Gramophone

Joanna Leach devotes 15 tracks to a 1727 spinet by Thomas Barton, five to a 1787 Longman & Broderip square piano, nine to an 1823 Stodart square, and five to an 1832 Clementi square. It is very much a matter of taste, but personally I find the spinet the most rewarding to hear because it isn’t trying to sound like a pianoforte and failing. If square pianos were ever any good, they would still be manufactured today, mass-produced in some factory in South Korea. On the other hand, there is no denying the pleasure of experiencing the music of Mozart, Handel and Schubert in a domestic setting and as it would have been heard in the instruments of the day. All four instruments are pitched at 415Hz with the result that everything sounds a semitone lower than written – so Soler’s Sonata no. 84 in heard in D flat major, Mendelssohn’s Venetian Gondola Song op. 30 no. 6 in F minor, and so on.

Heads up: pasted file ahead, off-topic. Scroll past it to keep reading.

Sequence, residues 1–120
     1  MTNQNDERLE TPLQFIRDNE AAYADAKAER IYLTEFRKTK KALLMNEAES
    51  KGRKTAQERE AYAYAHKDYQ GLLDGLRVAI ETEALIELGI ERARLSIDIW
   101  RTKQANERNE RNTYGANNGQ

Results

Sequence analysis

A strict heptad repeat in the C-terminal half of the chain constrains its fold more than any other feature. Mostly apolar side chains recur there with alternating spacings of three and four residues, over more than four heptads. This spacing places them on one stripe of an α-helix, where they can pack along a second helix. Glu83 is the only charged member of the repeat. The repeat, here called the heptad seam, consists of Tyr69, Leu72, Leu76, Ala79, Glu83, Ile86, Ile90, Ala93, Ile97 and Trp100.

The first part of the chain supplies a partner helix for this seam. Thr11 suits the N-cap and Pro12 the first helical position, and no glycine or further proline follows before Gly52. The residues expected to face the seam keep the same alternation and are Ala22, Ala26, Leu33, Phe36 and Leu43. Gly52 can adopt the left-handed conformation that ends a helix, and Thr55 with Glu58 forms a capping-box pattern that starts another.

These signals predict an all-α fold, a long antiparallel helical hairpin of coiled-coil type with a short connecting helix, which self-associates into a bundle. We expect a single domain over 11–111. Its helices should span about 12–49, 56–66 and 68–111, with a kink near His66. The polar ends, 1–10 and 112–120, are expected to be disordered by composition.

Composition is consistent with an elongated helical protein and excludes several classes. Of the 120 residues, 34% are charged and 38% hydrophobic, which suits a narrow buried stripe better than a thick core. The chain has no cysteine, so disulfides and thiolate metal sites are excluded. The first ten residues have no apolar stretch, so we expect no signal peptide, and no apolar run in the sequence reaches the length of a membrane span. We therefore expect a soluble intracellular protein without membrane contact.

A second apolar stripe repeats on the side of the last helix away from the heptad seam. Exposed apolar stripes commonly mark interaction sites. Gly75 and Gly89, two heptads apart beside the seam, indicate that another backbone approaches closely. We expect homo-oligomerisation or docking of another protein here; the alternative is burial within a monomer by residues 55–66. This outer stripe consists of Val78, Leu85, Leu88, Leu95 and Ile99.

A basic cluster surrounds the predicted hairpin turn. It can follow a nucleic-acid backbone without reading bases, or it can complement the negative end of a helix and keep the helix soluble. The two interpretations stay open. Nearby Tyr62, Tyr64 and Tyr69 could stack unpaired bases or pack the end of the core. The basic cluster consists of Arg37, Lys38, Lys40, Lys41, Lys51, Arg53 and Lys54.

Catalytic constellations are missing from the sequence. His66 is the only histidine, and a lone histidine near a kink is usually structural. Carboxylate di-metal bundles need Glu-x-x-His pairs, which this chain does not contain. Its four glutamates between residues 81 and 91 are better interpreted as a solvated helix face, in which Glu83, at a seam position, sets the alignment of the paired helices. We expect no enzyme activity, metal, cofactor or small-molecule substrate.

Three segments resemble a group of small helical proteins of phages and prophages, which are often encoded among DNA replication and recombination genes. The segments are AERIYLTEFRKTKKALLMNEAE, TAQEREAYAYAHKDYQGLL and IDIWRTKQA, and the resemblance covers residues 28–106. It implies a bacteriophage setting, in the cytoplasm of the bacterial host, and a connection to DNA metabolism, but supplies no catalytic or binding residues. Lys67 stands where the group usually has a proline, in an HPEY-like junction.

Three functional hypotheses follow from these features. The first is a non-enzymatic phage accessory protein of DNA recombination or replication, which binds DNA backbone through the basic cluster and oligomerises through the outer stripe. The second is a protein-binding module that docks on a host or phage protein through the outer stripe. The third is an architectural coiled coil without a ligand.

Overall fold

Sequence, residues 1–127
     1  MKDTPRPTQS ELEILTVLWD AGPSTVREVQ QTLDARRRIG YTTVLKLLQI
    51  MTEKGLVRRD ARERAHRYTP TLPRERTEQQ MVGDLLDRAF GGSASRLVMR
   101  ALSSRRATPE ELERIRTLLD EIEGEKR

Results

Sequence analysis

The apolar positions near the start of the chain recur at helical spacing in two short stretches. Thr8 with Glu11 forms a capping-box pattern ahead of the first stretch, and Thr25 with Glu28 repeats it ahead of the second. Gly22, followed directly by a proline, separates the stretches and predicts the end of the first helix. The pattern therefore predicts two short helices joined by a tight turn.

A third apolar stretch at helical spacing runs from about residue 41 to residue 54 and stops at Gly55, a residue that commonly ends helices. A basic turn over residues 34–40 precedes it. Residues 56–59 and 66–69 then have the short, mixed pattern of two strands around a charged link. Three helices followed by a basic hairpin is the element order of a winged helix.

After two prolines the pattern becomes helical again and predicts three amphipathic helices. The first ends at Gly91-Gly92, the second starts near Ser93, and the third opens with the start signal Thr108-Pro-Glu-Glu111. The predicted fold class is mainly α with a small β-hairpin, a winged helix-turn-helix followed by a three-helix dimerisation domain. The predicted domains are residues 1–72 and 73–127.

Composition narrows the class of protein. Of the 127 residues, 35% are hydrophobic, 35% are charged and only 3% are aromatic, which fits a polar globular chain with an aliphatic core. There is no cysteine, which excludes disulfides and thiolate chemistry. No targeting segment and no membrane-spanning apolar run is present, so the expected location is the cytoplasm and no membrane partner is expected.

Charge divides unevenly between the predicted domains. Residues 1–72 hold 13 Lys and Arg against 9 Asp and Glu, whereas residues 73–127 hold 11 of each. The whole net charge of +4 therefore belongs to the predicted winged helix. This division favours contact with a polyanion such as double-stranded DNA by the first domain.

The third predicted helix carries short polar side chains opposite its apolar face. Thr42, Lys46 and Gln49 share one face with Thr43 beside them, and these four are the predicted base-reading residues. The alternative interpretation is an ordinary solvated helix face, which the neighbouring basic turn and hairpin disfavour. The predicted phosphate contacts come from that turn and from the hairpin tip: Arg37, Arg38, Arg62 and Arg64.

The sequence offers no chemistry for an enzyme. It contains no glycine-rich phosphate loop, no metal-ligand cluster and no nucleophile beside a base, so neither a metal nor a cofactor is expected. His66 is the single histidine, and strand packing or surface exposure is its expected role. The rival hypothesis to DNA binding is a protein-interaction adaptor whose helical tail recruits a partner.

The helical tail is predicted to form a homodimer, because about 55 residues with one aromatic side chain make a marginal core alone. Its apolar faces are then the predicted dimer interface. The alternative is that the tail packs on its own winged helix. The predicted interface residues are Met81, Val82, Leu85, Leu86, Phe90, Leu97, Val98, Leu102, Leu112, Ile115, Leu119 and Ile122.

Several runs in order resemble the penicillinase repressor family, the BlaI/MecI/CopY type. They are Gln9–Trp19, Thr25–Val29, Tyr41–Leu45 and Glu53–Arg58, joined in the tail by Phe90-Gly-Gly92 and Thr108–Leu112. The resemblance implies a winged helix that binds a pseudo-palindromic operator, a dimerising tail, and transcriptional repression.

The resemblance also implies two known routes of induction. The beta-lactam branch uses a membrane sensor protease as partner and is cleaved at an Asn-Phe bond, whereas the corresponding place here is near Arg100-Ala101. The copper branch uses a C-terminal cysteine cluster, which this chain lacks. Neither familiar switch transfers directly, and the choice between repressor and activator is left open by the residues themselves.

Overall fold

Joanna Leach’s playing is intimate, stylish and pleasantly unassuming. Among the many incidental delights are a very rare appearance on disc of Handel’s Fantasia in C, G60, and, in his Air and Variations from Suite no. 1 from the Second Book of Suites (the one Brahms used for his Variations), the sound of Longman & Broderip’s lute stop. But I shall always prefer my Schubert and Mendelssohn on the more expressive grand piano, for here it is hard to tell the difference between a Clementi square and a honky-tonk piano in a saloon bar.

—Jeremy Nicholas